Bethel African Methodist Episcopal Church

Cardinal Greenway

Black History Religion

Bethel African Methodist Episcopal Church was built in 1854.

Photo courtesy of Library of Congress

This beautiful red-brick building has been the home of the Bethel African Methodist Episcopal (A.M.E.) Church since 1868. [1] It is the oldest Black church in the state of Indiana, and it is an enduring connection to Richmond’s history of welcoming free Black people. [2]

Established in 1806 by members of the Quaker faith, who were abolitionists, the city of Richmond was a welcoming place for free Black families to settle. [3] In 1840, the U.S. Census counted 624 free People of Color in Wayne County—54 of whom had become the first members of the Bethel AME congregation when it was founded by Bishop William Paul Quinn in 1836. Quinn is now commemorated on a historical marker outside the church building. [4] In its early years, the congregation met in a two-story frame warehouse building, with a meeting area on the first floor and a school on the second. (Public schools in Indiana excluded Black youth at that time.) In 1868, the congregation moved into this church building, which was originally built by a German Methodist congregation, and it has served as the center of Richmond’s Black community for over 150 years. [5]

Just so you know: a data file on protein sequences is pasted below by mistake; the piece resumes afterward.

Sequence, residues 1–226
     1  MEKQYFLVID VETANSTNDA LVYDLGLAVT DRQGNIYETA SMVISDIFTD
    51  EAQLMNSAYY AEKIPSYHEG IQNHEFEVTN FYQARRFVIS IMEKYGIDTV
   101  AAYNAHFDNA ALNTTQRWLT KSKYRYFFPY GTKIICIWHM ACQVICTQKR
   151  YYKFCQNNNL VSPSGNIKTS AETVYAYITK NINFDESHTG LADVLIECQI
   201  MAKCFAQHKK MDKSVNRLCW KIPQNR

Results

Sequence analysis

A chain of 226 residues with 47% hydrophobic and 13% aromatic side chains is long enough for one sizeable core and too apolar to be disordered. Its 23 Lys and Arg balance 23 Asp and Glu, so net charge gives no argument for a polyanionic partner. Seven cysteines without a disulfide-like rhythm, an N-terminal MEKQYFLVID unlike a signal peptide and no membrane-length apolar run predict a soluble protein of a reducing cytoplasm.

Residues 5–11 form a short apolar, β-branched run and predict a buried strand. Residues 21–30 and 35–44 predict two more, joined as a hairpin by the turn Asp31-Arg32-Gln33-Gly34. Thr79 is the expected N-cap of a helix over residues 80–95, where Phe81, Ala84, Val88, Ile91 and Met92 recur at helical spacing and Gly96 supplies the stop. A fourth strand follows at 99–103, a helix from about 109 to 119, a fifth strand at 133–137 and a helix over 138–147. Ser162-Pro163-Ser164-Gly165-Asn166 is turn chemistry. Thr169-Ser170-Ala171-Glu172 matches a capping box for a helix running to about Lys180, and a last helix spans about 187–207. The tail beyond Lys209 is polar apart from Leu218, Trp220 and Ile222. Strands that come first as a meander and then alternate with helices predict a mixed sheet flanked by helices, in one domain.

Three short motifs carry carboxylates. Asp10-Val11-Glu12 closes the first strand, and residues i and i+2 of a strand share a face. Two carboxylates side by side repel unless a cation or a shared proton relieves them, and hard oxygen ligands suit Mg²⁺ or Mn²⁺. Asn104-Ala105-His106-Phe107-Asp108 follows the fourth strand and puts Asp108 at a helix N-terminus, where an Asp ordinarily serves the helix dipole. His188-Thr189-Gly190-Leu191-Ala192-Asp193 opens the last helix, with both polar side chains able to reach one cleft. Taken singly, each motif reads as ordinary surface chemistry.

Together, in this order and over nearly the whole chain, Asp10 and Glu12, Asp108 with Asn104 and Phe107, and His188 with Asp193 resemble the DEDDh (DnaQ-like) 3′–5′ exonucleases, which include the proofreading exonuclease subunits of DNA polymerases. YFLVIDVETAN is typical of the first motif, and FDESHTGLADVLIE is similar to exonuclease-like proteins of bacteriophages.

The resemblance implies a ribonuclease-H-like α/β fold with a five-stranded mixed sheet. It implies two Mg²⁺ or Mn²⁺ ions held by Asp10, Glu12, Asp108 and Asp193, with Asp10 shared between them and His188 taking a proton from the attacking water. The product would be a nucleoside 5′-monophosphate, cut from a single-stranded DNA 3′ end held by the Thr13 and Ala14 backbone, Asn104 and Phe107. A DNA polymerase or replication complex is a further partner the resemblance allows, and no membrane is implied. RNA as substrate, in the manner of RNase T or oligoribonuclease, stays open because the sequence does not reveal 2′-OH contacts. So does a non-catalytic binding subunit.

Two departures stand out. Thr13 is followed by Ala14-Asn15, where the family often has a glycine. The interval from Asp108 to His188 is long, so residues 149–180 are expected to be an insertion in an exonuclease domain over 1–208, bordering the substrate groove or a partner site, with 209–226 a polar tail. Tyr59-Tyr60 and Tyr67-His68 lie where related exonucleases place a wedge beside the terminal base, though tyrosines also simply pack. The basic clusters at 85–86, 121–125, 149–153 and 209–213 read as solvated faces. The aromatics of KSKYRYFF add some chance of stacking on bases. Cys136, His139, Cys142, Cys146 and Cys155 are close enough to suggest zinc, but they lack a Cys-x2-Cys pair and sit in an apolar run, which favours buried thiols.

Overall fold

• [1] National Register of Historic Places, Bethel A.M.E. Church, Richmond, Indiana, National Register #75000032. Hereafter NRHP.
  • [2] Casey Graham, "Bethel African Methodist Episcopal Church, Richmond, Indiana (1836- ),” 2014. Retrieved from
  • [3] Ibid.
  • [4] NRHP; Social Explorer Dataset(SE), Census 1840, Digitally transcribed by Inter-university Consortium for Political and Social Research. Edited, verified by Michael Haines. Compiled, edited and verified by Social Explorer.
  • [5] NRHP.

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